Is Batu Pahat in Johor the next Iskandar? Developing the area could signify the northward expansion of the Singapore-Johor megalopolis
July 11, 2014
ON July 30, the Iskandar Malaysia economic corridor will celebrate its eighth anniversary. Thus far, Iskandar has been a great success story, attracting over S$54 billion in investments since 2006. Nonetheless, it may already be time to search for the next frontier of investment.
THE Hillview Loft condominium complex, perched on a quiet hill and surrounded by lush rainforest, towers above the city of Batu Pahat, Johor. Dubbed "The Fortress" by some residents, the three luxury high-rise buildings are housed within a gated compound equipped with entry checkpoints and 24-hour security. Wealthy Malaysians and a handful of expats from all over the world - Canada, China, Germany, the Middle East, Singapore, and the United States - park their BMWs and Range Rovers in an underground deck beneath the Olympic-sized swimming pool. After work, residents hit the in-house gym or the synthetic-grass tennis courts before retiring to their flats to chow down on organic dinners purchased from local markets.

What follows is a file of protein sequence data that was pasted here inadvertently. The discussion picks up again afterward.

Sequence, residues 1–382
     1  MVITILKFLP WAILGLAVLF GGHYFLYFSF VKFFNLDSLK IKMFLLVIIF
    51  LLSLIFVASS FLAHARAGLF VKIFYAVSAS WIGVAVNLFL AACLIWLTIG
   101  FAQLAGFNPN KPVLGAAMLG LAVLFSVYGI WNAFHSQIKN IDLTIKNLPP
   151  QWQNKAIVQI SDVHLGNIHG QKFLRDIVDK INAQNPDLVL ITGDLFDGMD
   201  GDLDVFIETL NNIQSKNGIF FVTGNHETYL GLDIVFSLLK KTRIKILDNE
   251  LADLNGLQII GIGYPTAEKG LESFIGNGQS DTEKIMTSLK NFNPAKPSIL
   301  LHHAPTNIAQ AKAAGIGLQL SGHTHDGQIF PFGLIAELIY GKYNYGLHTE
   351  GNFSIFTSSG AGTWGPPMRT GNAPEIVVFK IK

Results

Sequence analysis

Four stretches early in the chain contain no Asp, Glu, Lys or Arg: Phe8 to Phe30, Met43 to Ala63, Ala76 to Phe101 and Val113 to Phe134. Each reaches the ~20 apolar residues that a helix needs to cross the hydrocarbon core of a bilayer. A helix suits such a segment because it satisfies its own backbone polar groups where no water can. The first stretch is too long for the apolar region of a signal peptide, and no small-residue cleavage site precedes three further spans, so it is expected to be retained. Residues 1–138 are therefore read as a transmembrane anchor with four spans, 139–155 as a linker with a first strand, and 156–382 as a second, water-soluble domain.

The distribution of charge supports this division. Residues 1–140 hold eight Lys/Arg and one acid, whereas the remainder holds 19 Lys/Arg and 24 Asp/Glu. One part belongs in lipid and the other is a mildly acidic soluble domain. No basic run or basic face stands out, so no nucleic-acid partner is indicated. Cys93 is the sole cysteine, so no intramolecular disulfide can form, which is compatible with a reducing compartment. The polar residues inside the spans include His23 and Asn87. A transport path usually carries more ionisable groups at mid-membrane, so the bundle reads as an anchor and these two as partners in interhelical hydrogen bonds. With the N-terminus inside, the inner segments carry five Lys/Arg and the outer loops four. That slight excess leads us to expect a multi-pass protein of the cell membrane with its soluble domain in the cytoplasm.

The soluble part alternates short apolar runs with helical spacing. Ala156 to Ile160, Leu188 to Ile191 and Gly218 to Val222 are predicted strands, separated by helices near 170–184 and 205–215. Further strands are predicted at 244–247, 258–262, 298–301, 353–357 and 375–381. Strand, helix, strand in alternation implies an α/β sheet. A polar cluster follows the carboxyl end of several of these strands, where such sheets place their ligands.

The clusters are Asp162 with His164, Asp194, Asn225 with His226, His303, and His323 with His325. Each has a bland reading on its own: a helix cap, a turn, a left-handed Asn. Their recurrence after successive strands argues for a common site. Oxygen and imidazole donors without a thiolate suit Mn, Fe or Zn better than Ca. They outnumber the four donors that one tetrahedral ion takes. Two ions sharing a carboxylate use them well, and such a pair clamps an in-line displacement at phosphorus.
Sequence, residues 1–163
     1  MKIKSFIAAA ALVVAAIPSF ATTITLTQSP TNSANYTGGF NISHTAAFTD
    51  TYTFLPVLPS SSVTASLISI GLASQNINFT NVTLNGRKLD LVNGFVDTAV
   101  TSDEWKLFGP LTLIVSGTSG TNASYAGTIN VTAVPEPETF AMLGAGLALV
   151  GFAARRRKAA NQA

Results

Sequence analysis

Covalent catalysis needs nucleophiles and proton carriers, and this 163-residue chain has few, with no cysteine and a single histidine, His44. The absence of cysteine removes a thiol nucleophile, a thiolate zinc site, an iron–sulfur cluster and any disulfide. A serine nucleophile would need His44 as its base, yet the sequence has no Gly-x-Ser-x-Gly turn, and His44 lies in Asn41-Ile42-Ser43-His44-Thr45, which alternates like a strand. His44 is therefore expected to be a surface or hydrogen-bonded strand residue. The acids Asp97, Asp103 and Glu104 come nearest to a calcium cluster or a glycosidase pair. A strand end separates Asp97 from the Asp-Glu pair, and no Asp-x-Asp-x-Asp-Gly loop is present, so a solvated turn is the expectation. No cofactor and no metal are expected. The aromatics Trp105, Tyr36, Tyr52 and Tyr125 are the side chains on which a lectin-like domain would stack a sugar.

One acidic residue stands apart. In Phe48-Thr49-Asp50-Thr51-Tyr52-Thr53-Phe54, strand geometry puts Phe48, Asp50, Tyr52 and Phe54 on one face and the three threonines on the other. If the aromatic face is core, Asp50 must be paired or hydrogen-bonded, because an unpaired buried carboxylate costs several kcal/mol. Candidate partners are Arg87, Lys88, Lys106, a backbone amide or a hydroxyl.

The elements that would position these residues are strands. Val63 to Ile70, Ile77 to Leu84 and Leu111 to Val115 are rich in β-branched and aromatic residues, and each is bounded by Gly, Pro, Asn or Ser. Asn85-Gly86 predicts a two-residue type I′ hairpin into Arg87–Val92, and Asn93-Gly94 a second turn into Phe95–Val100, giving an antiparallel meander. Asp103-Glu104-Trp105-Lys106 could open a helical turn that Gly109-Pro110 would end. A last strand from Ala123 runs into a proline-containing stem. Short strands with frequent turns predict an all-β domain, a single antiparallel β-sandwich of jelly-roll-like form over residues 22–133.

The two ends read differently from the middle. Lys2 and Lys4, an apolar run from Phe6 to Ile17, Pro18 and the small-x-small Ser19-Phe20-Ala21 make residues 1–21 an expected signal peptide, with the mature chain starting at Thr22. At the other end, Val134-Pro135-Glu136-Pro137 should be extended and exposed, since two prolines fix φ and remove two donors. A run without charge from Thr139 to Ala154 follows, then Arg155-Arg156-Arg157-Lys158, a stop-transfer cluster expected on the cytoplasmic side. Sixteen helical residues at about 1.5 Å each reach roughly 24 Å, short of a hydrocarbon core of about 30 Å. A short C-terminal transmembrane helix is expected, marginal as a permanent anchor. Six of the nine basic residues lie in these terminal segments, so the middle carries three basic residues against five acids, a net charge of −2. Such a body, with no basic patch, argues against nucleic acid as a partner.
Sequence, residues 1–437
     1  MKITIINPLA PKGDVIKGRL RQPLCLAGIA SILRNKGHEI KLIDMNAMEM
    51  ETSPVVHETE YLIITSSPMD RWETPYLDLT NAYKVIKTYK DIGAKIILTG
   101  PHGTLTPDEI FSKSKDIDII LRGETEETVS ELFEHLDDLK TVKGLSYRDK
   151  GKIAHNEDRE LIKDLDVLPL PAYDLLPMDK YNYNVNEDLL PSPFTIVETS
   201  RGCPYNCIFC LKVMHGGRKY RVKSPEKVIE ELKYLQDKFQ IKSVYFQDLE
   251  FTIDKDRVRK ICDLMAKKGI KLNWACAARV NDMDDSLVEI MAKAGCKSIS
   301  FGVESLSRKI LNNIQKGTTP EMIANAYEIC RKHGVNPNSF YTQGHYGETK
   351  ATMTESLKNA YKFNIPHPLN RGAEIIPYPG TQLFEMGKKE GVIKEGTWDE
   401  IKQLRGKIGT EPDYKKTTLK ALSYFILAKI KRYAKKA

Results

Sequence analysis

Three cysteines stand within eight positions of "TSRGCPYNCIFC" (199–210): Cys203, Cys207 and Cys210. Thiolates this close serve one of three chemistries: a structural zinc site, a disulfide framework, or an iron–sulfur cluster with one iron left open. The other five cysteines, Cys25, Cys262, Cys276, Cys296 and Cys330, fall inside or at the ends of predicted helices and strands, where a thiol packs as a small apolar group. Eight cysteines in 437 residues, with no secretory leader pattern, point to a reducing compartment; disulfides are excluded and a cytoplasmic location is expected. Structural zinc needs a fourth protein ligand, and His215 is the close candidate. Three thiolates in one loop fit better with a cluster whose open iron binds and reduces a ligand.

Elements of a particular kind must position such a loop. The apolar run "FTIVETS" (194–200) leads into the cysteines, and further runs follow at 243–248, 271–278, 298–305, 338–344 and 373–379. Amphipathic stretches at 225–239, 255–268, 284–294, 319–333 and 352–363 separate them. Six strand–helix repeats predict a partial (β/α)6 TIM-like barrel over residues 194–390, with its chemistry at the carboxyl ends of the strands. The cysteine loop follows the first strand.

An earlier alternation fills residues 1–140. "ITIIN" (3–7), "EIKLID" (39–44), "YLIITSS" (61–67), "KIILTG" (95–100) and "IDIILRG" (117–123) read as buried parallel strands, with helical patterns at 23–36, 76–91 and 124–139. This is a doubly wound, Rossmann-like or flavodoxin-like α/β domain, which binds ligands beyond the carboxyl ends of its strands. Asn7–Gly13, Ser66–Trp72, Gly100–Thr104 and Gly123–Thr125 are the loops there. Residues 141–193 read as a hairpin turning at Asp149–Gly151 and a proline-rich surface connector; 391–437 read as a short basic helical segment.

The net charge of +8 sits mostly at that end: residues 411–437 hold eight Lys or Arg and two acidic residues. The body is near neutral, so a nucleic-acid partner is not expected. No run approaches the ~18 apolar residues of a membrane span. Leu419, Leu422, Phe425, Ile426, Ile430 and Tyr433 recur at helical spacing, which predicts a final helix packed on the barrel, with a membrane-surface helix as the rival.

Batu Pahat's transformation
Located just 110 kilometres north-west of Singapore and 240 kilometres south-east of Kuala Lumpur, the district of Batu Pahat (meaning "chiselled stone" in Malay) is comprised of nearly half-a-million people. Some 20 years ago, the sort of lifestyle and economic prosperity seen today would have been unthinkable; Batu Pahat was little more than a set of sleepy villages. But today, "BP", as it is affectionately referred to by locals, is the second largest city in the state of Johor (after Johor Bahru) in terms of both population and manufacturing production. The area has transformed itself into something of a boomtown, relying on industries as wide-ranging as textiles, food processing, and electronics to spur growth. BP accounts for 50 per cent of the textiles exported out of Malaysia, and is home to production facilities for a number of multinational corporations, including Fujitsu and Sharp.